Rene Descartes: Meditations on First Philosophy Character List
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The Narrator (René Descartes)
This nonfiction philosophical work is essentially an internal, meditative monologue from the first-person perspective of the narrator, Rene Descartes. In this relatively short work, he decides that he senses cannot be trusted, and that he will build the world of certainty up from the ground level, discovering what is really true and what is an illusion. The narrator is a contemplative, intellectually honest man with a strong belief in both himself and God, but little else, falling much more in line with Plato's line of thinking than that of Aristotle, who was more prevalent among Descartes's contemporaries.
God Himself never appears in this set of soliloquies, but Descartes reasons himself into believing in His existence. Using purely his rationality, Descartes arrives at the conclusion that God exists because of the perfection innate in the concept of a God, denoting underlying values and understandings in Descartes's mind that he is too weak and imperfect to originate. God is a powerful, loving, authoritative entity, and one that exists outside of nature, which is a necessity for Descartes.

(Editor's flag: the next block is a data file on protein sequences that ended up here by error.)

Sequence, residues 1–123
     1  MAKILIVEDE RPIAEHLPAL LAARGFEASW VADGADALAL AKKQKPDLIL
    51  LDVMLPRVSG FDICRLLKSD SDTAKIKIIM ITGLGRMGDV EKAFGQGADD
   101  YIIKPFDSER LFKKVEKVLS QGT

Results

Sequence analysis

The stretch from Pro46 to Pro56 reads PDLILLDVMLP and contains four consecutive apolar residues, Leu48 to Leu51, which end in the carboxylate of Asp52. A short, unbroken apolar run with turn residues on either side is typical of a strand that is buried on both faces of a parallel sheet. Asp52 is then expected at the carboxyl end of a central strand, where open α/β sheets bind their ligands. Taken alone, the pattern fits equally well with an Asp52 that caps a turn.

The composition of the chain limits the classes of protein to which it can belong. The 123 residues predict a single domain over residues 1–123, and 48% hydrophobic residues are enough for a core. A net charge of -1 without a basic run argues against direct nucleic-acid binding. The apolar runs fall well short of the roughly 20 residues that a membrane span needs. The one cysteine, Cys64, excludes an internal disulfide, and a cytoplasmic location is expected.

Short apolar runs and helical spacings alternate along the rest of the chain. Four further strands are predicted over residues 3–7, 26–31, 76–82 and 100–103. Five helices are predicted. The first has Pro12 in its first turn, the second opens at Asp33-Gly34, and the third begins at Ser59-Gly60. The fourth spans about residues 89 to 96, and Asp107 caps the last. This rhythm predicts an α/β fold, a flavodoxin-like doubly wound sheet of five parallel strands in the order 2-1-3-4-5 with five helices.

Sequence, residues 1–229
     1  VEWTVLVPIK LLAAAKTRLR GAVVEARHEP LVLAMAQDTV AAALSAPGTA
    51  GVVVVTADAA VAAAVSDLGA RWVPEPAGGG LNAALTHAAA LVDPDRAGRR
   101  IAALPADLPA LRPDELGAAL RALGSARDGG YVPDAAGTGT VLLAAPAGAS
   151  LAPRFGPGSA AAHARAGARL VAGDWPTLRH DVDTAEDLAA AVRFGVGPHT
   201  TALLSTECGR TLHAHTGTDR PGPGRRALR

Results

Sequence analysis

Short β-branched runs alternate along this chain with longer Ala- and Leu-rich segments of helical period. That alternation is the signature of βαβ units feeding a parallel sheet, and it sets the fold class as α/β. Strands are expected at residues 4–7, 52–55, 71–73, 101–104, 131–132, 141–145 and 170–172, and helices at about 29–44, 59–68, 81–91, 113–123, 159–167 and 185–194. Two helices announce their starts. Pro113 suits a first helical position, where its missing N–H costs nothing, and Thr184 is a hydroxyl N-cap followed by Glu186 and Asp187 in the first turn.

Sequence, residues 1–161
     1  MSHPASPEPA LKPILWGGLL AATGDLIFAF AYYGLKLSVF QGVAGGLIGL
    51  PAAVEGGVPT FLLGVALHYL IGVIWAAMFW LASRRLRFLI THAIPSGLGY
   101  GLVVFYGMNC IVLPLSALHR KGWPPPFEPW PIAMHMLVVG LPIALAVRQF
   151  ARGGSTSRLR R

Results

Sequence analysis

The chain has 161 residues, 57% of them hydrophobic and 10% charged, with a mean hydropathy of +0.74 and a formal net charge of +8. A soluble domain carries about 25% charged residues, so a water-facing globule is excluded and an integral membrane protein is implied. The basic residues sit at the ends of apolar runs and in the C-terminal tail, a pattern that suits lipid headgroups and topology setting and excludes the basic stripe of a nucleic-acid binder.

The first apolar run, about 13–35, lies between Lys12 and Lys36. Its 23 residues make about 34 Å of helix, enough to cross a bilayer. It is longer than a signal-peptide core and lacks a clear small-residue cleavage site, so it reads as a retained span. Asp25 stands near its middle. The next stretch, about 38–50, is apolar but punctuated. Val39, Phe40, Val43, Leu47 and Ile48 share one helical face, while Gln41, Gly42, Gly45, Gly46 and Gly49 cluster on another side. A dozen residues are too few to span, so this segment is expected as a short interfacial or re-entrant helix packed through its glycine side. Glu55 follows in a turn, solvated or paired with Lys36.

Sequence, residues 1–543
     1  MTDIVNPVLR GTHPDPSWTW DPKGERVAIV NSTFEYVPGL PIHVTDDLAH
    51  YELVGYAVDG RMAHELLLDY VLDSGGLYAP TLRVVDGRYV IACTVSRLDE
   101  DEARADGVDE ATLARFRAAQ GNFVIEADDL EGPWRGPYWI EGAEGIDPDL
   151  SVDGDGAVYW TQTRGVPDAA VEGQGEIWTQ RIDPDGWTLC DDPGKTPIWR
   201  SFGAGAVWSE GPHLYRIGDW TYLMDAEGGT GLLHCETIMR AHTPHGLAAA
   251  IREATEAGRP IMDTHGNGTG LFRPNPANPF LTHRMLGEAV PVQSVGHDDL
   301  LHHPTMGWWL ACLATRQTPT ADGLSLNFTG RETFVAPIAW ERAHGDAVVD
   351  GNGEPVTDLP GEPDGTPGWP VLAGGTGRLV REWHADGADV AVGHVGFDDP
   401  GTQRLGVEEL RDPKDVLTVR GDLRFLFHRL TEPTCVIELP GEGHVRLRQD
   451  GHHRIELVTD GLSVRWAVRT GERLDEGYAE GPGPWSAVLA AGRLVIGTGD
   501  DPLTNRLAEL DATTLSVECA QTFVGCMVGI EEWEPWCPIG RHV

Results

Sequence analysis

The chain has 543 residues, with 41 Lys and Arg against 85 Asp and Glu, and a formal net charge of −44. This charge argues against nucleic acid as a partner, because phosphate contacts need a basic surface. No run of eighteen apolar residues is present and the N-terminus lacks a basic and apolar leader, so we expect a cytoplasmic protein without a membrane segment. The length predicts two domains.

Hopeful and Doubtful
In some editions of Meditations on First Philosophy, the translator and/or editor inserts personalities into the first meditation of the six, drama-esque figures who alternate speaking paragraphs of Descartes's musings. These characters, Hopeful and Doubtful, don't actually exist in Descartes's writing, but their insertion makes his self-contradictory ramblings seem more comprehensible to the average English reader. Hopeful, obviously, represents the side of Descartes that rejects complete skepticism and chooses to believe in something true, while Doubtful continually mocks Hopeful's optimism, supporting a more cynical, reductionistic and nihilistic worldview.
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Descartes put forth the theory that all firm foundations lay in the mind and not the senses. His aim was to prove that everything we experience comes to us in our mind. He reasons that if scientific knowledge came from our senses, we could not...
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